October 27, 2010 A Weekly Cultural Policy Publication of Americans for the Arts
Arts Watch Update
Culture and Communities
Arts Education and the Creative Workforce
Public Investment in the Arts
The Creative Economy and the Private Sector
Philanthropy & Fundraising in the Arts
Arts Canvas: The View from the Field
October 2010
National Arts and Humanities Month and Emerging Arts Leaders Creative Conversations
November 12–15, 2010
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National Arts Marketing Project Conference
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Arts Watch Update

*This section of Arts Watch updates readers on specific news items that have appeared in recent editions.

Iowa: State Auditor Finds Most Film Tax Credits Issued Improperly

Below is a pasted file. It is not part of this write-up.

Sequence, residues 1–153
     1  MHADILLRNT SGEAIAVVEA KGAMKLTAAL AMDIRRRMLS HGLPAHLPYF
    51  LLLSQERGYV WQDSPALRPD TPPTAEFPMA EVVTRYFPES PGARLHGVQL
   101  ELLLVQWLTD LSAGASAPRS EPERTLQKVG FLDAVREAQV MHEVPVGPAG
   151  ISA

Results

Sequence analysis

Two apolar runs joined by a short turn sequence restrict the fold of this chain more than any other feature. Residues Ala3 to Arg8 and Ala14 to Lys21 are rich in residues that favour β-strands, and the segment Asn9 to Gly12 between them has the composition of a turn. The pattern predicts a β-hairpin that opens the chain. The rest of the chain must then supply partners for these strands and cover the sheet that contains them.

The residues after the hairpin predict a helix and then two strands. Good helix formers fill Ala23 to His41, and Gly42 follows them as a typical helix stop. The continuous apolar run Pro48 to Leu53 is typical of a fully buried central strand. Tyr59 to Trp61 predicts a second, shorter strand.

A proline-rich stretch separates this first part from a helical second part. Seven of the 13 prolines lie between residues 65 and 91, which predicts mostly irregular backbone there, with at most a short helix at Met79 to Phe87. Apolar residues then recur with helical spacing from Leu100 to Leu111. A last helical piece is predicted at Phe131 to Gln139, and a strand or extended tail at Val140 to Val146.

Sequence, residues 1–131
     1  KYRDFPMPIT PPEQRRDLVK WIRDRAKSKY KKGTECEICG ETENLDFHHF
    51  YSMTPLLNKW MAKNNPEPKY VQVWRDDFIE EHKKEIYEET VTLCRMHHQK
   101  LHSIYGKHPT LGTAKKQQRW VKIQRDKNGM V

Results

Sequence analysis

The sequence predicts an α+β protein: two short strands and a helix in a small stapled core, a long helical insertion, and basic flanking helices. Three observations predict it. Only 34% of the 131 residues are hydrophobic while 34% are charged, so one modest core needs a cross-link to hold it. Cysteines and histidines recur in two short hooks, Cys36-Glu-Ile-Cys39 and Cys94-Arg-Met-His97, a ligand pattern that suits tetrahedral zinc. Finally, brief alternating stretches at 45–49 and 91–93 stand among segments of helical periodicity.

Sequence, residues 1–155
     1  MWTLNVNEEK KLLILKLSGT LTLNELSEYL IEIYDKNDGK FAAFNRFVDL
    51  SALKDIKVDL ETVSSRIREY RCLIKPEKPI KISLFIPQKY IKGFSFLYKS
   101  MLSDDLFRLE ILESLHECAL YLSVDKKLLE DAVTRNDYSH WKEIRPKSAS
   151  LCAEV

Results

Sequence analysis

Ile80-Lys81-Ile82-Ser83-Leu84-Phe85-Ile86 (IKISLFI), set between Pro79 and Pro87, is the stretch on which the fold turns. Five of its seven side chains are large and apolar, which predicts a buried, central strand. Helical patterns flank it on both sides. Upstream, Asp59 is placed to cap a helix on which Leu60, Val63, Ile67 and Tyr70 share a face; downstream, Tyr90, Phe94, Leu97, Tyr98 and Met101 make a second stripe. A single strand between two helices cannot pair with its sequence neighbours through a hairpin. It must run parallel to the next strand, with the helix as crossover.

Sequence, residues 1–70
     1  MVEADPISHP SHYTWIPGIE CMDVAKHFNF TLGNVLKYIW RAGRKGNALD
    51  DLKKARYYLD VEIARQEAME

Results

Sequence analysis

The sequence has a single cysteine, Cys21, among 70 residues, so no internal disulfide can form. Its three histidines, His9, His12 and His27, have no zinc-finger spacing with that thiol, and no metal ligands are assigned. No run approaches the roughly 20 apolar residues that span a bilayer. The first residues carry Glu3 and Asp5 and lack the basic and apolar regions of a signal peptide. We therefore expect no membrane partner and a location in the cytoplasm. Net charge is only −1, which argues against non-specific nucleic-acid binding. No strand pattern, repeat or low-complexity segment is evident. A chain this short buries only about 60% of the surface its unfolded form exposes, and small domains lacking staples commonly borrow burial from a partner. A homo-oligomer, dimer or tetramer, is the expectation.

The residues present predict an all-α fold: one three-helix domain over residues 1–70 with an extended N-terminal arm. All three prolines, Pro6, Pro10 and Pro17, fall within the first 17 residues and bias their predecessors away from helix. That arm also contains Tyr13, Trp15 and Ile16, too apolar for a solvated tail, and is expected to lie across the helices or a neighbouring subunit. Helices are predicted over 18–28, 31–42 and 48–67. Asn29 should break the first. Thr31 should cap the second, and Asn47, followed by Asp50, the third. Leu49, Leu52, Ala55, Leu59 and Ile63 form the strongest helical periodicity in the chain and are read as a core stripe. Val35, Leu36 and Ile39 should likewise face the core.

The Des Moines Register, 10/26/10
The vast majority of tax credits awarded before Iowa's film program collapsed last year, $26 million of almost $32 million, were issued improperly, according to a special investigation just released by Iowa's Auditor of State. The probe of expenses of 22 films completed before Iowa's film program was suspended last year found only $6.3 million in credits should have been awarded, according to the financial information provided to the state. The audit…sought to verify expenses of films that received almost $32 million in tax credits before abuse and mismanagement led Gov. Chet Culver to suspend the program in September."

United Kingdom: Arts Council Ordered to Cut Grants by 30 Percent
The Hollywood Reporter, 10/26/10